isthismutton?

Translate

Search this blog

Friday, August 27, 2010

Micro blogging: destroying our legacy for the future?

Paul Carr at TechCrunch wonders if micro blogging via Twitter and Facebook are leading to such a distillation of our lives that future generations will have no legacy. And more prosaically, we will have no memories to draw on for our autobiographies. "By constantly micro-broadcasting everything, we’ve ended up macro-remembering almost nothing," he writes.

I don't think you can blame micro blogging for this state of affairs. It all started when Outlook came along and we stopped using diaries to log our appointments. I had long stopped keeping a diary as a journal, but I still have all my office diaries from the 90's and I get instant recall just by seeing the entries of what where and when.

I'm not going to be able to do that with Outlook but fortunately I have this blog. If you only use Twitter or Facebook then yes you are asking for trouble if you want an archive for the future. Facebook has launched a foray into blogging and now has networked blogs but the painstaking nature of writing a blog, the upkeep and promotion, mean that a lot of people will never bother.

My worry is that we are breeding a generation of cyborgs. People with no original or creative thought. Students routinely plagiarise the web when writing their coursework and taking their exams. The controls against this are minimal. Add to this the destruction of the English language, spelling and punctuation, perpetuated by constant texting and tweeting, and it doesn't speak to me of a heritage of literature for the future in the way that we had Shakespeare, Milton, Chaucer and so on.

But everything goes round in circles and eventually becomes trendy again. I firmly believe we'll see a return to paper and pen, letters and journals. I am sure that the pleasure of writing with a fine fountain pen on pristine paper will eventually be rediscovered by all those who have never done it. 

3 comments:

Anonymous said...

Contrary to Paul’s argument surrounding our diminishing macro-memory, I think micro blogging would serve as a good trigger to past memories, much like smells and sounds can provoke emotional reactions.

After a quick Google search, apparently the process of recollection of small events can lead to the part of our brain called the ‘limbic system’ which in turn interprets the information and makes us 'aware' of it and any associated memories (i.e. not just the micro, but also the macro).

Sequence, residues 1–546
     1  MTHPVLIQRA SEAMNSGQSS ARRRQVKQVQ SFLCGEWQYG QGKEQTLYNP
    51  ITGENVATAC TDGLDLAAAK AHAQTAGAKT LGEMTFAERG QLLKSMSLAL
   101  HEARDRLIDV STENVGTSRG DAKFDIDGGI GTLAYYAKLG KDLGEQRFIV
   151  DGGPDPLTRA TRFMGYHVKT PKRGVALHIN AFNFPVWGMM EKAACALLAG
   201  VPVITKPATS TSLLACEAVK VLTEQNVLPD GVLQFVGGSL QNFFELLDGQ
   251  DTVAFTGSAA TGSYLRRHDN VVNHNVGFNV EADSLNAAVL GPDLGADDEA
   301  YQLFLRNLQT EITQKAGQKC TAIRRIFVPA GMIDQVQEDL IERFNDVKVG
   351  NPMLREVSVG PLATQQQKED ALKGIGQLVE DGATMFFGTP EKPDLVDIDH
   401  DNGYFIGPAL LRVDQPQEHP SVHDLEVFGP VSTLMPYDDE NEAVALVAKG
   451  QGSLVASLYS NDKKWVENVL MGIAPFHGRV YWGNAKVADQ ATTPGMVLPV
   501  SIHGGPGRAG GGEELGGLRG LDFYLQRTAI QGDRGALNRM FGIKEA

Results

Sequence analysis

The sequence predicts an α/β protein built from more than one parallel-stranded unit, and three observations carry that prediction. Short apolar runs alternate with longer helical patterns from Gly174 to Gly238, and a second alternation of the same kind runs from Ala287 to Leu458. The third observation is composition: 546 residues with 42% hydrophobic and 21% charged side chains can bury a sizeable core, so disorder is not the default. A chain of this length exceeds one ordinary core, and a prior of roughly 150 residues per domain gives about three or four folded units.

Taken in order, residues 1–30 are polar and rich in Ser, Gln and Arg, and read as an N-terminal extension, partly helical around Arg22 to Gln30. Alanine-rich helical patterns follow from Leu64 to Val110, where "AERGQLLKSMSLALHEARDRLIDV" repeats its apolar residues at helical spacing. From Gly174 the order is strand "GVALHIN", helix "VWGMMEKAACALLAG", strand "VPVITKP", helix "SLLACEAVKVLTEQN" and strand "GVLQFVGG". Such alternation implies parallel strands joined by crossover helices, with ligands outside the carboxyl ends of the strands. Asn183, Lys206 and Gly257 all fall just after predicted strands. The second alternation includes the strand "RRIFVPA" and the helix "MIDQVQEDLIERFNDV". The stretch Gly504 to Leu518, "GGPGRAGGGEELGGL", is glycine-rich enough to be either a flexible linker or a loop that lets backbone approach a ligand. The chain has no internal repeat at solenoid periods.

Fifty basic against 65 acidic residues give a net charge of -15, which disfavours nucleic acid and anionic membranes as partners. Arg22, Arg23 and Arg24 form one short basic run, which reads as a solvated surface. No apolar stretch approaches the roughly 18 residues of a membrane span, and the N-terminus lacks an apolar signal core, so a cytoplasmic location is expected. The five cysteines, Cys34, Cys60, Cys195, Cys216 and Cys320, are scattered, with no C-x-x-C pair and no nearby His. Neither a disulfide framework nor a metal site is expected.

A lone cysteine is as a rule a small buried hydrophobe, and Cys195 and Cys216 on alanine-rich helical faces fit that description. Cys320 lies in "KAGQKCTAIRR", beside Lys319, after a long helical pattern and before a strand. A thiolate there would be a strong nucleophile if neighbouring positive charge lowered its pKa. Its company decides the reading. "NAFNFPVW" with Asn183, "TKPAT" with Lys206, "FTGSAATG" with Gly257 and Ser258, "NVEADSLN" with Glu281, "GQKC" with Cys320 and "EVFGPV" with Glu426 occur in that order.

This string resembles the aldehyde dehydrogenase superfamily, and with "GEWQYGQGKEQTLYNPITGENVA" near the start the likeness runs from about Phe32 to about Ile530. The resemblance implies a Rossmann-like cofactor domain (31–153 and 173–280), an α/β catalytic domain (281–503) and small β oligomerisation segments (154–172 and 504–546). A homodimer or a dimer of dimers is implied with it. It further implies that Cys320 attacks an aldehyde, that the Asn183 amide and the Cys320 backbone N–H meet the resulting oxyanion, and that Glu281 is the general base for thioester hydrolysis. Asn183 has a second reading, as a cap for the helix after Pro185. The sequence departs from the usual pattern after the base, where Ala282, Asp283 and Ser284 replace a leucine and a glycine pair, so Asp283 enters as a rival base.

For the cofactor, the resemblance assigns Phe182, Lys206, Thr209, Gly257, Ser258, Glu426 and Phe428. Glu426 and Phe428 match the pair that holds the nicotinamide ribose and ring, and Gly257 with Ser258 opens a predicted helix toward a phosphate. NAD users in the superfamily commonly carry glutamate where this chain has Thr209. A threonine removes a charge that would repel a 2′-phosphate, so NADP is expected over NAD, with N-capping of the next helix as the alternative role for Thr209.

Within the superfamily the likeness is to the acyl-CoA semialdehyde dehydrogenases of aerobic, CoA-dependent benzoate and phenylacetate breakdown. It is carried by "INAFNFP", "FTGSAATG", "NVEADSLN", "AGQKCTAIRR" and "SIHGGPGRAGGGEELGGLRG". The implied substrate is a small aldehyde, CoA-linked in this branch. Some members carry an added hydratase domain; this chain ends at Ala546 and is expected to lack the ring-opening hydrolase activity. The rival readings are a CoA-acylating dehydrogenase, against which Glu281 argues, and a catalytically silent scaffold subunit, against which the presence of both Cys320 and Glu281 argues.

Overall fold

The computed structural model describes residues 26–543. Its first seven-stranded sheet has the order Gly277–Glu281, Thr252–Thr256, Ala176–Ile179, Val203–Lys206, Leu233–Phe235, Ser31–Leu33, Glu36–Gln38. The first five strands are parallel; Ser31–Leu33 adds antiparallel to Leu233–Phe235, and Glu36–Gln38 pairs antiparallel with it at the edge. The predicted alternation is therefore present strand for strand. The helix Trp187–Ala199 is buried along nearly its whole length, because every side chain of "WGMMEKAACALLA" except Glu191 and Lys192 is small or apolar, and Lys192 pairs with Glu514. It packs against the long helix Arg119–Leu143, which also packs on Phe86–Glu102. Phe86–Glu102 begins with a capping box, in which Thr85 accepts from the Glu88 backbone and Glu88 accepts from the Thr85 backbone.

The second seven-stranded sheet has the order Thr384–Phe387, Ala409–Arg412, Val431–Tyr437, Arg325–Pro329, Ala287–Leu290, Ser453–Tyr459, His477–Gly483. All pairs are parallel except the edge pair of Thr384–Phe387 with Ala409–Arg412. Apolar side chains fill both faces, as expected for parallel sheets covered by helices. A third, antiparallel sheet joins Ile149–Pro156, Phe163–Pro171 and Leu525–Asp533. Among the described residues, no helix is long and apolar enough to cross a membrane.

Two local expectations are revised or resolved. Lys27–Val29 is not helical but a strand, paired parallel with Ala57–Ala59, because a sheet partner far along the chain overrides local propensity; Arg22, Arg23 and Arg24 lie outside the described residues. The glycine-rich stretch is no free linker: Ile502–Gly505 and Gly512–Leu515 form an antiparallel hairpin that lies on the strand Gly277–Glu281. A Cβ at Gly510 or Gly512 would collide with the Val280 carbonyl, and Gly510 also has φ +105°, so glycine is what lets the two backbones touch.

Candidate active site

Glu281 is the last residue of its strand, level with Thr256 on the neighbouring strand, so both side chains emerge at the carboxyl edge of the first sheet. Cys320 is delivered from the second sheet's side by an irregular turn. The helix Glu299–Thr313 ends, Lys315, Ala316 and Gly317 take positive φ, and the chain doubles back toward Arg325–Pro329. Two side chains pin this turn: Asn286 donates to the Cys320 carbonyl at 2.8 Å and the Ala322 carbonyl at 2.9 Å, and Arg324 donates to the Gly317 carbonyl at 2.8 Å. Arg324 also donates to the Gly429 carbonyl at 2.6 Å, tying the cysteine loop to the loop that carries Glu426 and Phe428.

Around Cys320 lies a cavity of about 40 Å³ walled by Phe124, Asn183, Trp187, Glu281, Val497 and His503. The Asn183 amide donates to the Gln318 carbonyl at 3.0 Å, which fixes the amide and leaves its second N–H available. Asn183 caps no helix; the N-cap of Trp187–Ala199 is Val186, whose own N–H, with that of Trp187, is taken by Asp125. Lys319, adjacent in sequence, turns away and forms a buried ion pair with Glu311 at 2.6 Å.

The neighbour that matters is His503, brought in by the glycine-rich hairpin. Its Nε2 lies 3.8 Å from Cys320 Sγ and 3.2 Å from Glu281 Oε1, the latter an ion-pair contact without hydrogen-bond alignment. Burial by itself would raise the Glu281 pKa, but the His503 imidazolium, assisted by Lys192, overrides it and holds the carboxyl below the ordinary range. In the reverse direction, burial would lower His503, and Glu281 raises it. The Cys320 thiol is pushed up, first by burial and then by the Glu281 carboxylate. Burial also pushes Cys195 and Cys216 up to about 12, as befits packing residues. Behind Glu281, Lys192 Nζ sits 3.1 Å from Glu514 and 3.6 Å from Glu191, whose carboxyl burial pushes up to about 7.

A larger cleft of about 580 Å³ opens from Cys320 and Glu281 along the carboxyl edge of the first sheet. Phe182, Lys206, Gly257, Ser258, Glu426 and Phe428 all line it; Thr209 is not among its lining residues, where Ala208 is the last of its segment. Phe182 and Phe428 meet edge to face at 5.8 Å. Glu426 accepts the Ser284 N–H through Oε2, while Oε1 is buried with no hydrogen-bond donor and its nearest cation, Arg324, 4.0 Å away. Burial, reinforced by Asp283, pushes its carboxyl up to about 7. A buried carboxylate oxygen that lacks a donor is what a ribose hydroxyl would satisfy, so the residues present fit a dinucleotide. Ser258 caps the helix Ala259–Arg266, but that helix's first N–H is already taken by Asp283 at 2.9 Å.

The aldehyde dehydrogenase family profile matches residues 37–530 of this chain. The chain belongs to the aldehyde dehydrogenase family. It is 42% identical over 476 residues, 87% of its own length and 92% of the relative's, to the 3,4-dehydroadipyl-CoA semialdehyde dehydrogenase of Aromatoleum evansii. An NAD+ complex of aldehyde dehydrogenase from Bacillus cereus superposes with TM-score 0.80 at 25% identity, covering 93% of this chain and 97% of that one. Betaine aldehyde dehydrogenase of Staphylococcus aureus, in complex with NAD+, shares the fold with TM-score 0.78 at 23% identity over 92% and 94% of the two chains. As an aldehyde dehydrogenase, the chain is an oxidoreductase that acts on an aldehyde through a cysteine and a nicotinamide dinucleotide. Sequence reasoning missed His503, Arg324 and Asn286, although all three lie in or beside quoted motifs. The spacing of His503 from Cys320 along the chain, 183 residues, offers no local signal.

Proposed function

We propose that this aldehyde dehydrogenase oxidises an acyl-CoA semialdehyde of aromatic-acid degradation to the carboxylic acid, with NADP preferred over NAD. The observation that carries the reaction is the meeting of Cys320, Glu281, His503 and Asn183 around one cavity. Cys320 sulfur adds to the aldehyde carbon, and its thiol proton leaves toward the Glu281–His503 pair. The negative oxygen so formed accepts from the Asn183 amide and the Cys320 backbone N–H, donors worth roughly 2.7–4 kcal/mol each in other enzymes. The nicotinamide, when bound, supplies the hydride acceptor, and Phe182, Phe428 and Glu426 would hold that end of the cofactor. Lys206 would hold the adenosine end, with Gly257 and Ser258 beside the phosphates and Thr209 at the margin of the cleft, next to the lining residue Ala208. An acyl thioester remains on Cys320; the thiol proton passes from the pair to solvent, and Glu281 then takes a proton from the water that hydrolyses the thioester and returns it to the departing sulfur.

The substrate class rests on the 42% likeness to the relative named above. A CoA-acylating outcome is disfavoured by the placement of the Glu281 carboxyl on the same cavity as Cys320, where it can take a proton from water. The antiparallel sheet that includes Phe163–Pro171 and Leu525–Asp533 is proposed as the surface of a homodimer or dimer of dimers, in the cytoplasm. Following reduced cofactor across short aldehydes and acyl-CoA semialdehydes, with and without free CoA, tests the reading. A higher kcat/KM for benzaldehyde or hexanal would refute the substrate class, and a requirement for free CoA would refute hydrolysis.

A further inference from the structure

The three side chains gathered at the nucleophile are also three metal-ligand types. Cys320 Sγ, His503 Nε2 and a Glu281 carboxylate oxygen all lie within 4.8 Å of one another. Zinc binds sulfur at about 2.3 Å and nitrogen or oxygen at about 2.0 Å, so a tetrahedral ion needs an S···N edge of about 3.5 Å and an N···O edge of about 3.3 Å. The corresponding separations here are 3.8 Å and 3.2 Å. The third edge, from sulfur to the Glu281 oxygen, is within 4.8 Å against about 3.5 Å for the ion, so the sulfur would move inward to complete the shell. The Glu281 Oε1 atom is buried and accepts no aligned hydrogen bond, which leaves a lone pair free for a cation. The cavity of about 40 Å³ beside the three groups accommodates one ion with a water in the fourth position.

The following link also discusses the evolutionary processes of information consumption and when put in that context, it doesn’t seem too dismal a future after all – just different tools for different purposes...

http://www.inquisitr.com/6263/oh-no-everything-is-dead-lets-microblog-about-it/

The Cautious Optimist said...

I agree with you Gail which is why I recently tweeted "Are you sick of Twitter yet?" I am, sort of. Maybe I just need to follow some different people (ha!) but I'm getting tired of reading women tweet about their kids and what they had for dinner. I find the narcissism exhausting. Blogging can be that way as well, but as you say, it is much more of a diary the person can look back on. There is also much more room for creativity and thoughtfulness.

Last week I received a postcard from my dear friend Denise who just moved back to England. It made me so happy to hold that postcard in my hand, knowing how far it travelled and that Denise sat down and took the time to right me such a personal note. I will have that postcard forever but her emails will disappear. I really hope that we return to the charm of letter writing. I miss it.

Sukh said...

I don't think the availability of mass information on the web is a bad thing at all. Sure there are students who will copy reams of information off the web, but they don't all do it. I didn't when I was a student.

After all, it's no different from people plagiarising from books/reports before the proliferance of the internet, only meant that they had to type the copied text in themselves instead of using the trusty CTRL+C/CTRL+V.

Completely disagree with the comment about people not having creative thoughts, they are, just in different ways. Take a look at The Creators Project - some of the things that have been created with technology (and ultimately shared via social media and micro-blogging) is astounding. Change is good!

Gadget

This content isn't available over encrypted connections yet.